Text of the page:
Coni’s entry into the club is maybe a departure, seeming a straighter affair and one that is less prone to bursts of boundary pushing, except the ClekClekBoom teamster’s first record away from his home label is deceptive in that respect. Imaginarium Essai might sound at first like a late arriving example of dusty outsider house (and Coni’s previous records certainly fit well into that framework), but once you get past the surface similarities it opens up into something altogether wider.

The beats are treacle thick and reminiscent of the drowsy heaviness that producers like Vester Koza specialize in, a sort of future-dub that swaps the foundation shaking bass and other traditional trappings of the genre for less tangible touches of mood that work in the space left behind. On Imaginarium Essai this is only the starting point, and it quickly becomes apparent the woozy deepness isn’t really the point, that Coni is more concerned with an exploration of tone than he is in dealing out ambling late night numbers.

Imaginarium Essai trawls a jazzy, noirish hinterland that owes a debt to trip-hop’s angular and often languid soundscaping, regardless of its loosely regimented 4/4 kicks. Its moodiness articulates a groove that is otherwise almost incidental, bringing it to life as a shuffling half-stomp that plays back into the tune with a world-weary vibe, accenting the bass and little shivers of synth with quiet despair and drama. Zex Plongeon starts with similar pretensions but favours a slow approach which gradually grows into a long, hypnotic trip along a sunless road. It’s the deepest track on the record, and heavier than you would suspect, with granite, mud encrusted kicks dominating its direction, but there is little else in the tune that could add a dissenting voice, stripped as it is of all but the necessary. As a result it can sometimes feel oppressive, lacking some oxygen under its own heft.

Into The Silly World and Louis & Juno inject something into the mix which isn’t lighter so much as less serious. Into The Silly World lock the beats down into a tighter pattern, and rides a fractured, wonky riff to deliver some broken funk that oozes with dirty humour and richer colours than are to be found elsewhere. Louis & Juno revisits some of the mood of Imaginarium Essai but eschews beats completely, focusing instead of teasing out a lonely, rainy melody that weaves around the pangs of bass and skittish, distant percussion to subtle but potent effect.

Friday Night Tune: Lonny And Melvin – Suck The Box

There is a line at the beginning of Johnny Mnemonic, William Gibson’s prelude to Neuromancer and rest of the Sprawl collection (the novels and stories set in the Boston Atlanta Metropolitan Axis), which sums it up pretty well. ” I put my shotgun in a bag and padded it out with 4 pairs of tennis socks. Not my style at all, but that’s what I was going for,” Johnny tells us as he describes getting ready for a job. “If they think you’re technical, go crude. And I am a very technical boy.”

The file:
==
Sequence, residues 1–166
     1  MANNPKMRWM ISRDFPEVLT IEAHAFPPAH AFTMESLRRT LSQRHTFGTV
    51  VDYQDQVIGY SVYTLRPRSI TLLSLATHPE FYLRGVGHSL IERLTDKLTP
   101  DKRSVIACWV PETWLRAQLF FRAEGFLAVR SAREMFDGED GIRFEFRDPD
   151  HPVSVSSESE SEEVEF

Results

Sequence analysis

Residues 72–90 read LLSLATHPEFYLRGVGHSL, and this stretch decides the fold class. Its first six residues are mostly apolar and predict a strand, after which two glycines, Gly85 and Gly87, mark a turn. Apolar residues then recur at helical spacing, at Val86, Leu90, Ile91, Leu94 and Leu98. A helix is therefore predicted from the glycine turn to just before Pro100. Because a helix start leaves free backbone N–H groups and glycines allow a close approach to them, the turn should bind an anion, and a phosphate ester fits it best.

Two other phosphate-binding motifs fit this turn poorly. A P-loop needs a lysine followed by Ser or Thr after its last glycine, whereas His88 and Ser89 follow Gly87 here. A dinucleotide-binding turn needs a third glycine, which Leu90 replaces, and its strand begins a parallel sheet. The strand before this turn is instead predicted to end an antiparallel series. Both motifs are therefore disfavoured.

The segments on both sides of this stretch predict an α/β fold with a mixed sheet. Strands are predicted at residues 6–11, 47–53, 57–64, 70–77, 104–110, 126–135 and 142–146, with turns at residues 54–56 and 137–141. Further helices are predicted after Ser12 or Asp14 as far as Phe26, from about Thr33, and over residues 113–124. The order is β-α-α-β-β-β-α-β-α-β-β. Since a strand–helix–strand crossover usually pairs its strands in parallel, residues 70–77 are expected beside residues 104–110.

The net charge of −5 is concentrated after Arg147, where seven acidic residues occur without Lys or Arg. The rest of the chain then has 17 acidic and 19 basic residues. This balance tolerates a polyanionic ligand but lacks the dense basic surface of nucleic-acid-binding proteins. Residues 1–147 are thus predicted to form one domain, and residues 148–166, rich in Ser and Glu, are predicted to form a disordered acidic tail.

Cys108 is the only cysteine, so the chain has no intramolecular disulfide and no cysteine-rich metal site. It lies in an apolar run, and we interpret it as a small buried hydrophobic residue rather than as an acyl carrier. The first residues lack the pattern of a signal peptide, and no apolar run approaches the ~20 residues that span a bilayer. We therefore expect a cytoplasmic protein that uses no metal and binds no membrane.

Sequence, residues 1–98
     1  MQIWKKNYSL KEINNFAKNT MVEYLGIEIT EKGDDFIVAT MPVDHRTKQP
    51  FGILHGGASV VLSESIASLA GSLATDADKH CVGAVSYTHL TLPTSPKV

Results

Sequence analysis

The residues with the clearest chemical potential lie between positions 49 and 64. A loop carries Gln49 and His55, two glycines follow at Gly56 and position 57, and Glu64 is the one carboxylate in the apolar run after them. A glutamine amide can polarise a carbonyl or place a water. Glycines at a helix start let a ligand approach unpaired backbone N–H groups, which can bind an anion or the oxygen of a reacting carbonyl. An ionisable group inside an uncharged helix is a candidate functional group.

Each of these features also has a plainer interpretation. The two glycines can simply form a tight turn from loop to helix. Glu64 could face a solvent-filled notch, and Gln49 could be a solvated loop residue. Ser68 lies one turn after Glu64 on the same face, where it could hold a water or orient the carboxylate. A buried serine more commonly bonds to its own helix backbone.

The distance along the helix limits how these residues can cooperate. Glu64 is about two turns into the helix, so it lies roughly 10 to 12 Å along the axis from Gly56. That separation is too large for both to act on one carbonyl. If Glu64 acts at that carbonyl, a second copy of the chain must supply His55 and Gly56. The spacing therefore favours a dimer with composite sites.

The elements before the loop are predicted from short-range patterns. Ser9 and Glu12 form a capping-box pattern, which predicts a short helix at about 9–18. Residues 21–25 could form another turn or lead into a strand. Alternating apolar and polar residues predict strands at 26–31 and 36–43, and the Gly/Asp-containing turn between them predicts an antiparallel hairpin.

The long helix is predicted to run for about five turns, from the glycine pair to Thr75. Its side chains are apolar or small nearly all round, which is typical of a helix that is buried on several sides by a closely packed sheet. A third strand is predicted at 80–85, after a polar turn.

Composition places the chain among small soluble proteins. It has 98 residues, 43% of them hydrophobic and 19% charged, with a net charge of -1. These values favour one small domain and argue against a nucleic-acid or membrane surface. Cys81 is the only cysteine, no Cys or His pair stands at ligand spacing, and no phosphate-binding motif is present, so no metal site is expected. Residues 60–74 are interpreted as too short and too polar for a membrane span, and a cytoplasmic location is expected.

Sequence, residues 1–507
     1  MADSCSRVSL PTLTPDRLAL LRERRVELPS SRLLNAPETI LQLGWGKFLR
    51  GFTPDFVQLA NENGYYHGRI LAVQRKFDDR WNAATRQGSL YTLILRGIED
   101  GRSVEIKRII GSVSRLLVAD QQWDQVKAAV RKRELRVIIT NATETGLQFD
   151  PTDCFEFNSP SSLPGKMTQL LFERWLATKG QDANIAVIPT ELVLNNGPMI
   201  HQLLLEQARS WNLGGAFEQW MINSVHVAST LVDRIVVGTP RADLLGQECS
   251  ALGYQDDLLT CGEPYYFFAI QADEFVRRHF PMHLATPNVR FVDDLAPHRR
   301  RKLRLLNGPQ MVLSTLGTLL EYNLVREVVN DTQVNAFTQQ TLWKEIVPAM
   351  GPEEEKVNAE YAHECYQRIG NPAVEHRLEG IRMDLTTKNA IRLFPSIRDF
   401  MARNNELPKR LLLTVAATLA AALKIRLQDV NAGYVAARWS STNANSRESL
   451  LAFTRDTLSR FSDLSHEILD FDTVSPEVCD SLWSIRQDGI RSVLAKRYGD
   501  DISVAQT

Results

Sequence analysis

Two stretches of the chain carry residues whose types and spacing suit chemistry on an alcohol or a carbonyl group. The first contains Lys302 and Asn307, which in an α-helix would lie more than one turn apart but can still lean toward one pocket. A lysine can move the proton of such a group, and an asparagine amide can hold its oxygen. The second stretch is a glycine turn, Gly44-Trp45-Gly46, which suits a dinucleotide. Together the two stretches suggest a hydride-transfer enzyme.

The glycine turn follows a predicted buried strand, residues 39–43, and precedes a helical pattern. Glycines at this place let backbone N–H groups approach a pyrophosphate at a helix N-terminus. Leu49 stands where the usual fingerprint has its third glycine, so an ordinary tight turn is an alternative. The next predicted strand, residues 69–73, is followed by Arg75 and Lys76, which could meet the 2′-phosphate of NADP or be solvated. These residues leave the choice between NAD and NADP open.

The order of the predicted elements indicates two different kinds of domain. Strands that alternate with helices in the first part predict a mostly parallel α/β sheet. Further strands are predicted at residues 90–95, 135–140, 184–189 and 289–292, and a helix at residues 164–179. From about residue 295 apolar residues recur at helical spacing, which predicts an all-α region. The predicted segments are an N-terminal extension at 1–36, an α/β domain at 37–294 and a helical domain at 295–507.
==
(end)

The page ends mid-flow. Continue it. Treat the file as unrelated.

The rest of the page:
I find this quote popping up a lot in my mind whenever I listen to electronic music, particularly over the last 18 months where we’ve seen tastes shift from the raw, ‘analogue’ sound of outsider house and bare bones electronica to something altogether more polished. Of course these genre shifts in electronic music are hardly rare. It maybe doesn’t happen as quickly or as often as it once did, but the scene can still seem a place ruled by Darwinian laws.

Electro has often seemed a more stable pool, particularly compared to house music, but change still happens. In recent years some strands of electro have begun to embrace a thicker, more orchestral sound, one which has less need for complex, clattering rhythms and prefers to weave melodies instead. Compared to the skeletal electro-noir of the music which grew up in Europe at the arse end of the nineties the modern take is larger, wider, and far less ferocious than the American techno-bass from the same period.

But one thing has seldom changed in electro. Regardless of whether we’re talking about the nineties or right now, electro has always been a very technical boy. Even the modern love of fat chords and astral melody doesn’t disguise the fact that electro has a machine soul, very different from house music’s profoundly organic heart but no less alive. There is something precise about a lot of electro; complex mathematics in the breakbeats; sharp movement and focused purpose; Skynet with snares.

Lonny and Melvin are better known as I-F and Pamétrax, the Dutch electro maestros at the head of Murdercapital and a host of other projects. Although neither of them really went down the Anthony Rother route, bringing instead elements of Kraftwerk, italo and 80’s experimentalism to the mix, they still delighted in electro’s cybernetic glamour. Even I-F’s best known tune, Space Invaders Are Smoking Grass, for all the warmth of its disco vibe, still rides on a brilliant android groove.

Suck The Box, from their 1998 record If You Want A Job Done Do It Yourself, is what happens when the technical boys get crude. And not just crude; this is a dirty tune, a matted hair and sunken eyes sort of filthy. Except for the crumbs of a vocal snip, and the swelling, dangerously unbalanced bass, there seems to be nothing in the tune except percussion. As Johnny Mnemonic goes on to say, ” these days, though, you have to be pretty technical before you can even aspire to crudeness.” That’s exactly the case here, two masters using all their skills to smash it apart. The rhythm seems to swing in and out of time, there are moments where you think there might be three different drum machines pretending to be working together, and the whole thing just seems to be constantly on the edge of falling apart. But Lonny and Melvin use the chaos to tease out a corkscrewing groove that is far tighter than it has any right of being. The imperfections are the key, the wonky gravity the rest of the tune coalesces around. Take away that vibe and the whole tune implodes. You have to be technical to do crude that well. It’s as true of electronic music as it is of anyone selling black market data in the Sprawl that when people expect you to go in one direction, it can really, beautifully, pay off to go in the other.